Saturday, February 28, 2015

Reflections on Logic

Miroslav Holub (1923-1998), Czech poet and immunologist who excelled in both endeavors, is one of my favorite poets.  He combines scientific exactitude with empathy and absurdity.  Here is a sample:

       Brief Reflections on Logic     by Miroslav Holub

                                     translated by Stuart Friebert and Dana Habova

       The big problem is everything has
           its own logic.  Everything you can
           think of, whatever falls on your head.
           Somebody will always add the logic.
           In your head or on it.  

       Even a cylinder makes sense, at least
           in that it’s not a cube.  Even a cleft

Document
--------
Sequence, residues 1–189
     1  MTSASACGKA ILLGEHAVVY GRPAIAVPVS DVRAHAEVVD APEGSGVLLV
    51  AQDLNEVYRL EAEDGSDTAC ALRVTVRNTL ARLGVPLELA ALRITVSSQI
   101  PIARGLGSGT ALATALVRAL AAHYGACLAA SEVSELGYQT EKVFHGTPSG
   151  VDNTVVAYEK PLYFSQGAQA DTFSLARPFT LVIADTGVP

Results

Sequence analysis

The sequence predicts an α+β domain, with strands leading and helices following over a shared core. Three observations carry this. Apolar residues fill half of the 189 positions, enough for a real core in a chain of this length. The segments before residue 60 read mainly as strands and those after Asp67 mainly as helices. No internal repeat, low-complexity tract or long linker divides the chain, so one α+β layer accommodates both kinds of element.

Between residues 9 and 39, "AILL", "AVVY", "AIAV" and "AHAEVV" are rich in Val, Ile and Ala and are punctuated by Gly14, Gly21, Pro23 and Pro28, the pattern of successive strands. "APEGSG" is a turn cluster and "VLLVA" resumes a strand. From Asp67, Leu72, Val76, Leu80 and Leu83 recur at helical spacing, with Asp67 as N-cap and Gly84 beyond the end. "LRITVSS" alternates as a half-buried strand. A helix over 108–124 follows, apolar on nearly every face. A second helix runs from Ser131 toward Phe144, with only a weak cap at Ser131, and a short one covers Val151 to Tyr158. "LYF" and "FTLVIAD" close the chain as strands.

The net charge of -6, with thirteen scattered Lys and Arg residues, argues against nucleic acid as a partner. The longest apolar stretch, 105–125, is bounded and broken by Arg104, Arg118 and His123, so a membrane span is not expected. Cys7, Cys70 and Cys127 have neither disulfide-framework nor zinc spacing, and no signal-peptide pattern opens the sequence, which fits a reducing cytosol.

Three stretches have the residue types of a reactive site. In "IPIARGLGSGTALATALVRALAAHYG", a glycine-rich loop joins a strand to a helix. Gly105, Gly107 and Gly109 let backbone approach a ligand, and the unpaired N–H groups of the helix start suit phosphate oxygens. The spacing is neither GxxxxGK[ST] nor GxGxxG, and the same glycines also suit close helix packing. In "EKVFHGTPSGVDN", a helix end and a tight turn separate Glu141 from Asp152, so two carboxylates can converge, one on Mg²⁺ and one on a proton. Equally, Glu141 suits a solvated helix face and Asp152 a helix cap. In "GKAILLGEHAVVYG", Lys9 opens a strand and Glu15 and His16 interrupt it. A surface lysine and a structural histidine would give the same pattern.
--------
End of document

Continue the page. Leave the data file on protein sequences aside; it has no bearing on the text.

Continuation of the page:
makes sense, maybe just because
           it’s not a big mountain.

       A special logic must be assigned to cylinders
           that pretend to be cubes.  And clefts
           that think they’re big mountains.

        The logic of these things is in fact that
           they strip other things of their meaning.

       This reflection isn’t abstract.

       It’s in view
           of recent history.

This poem and several others by Holub appear in Numbers and Faces:  A Collection of Poems with Mathematical Imagery, a group of poems that I gathered and edited for the Humanistic Mathematics Network in 2001.  This small anthology is out of print but is available online here.

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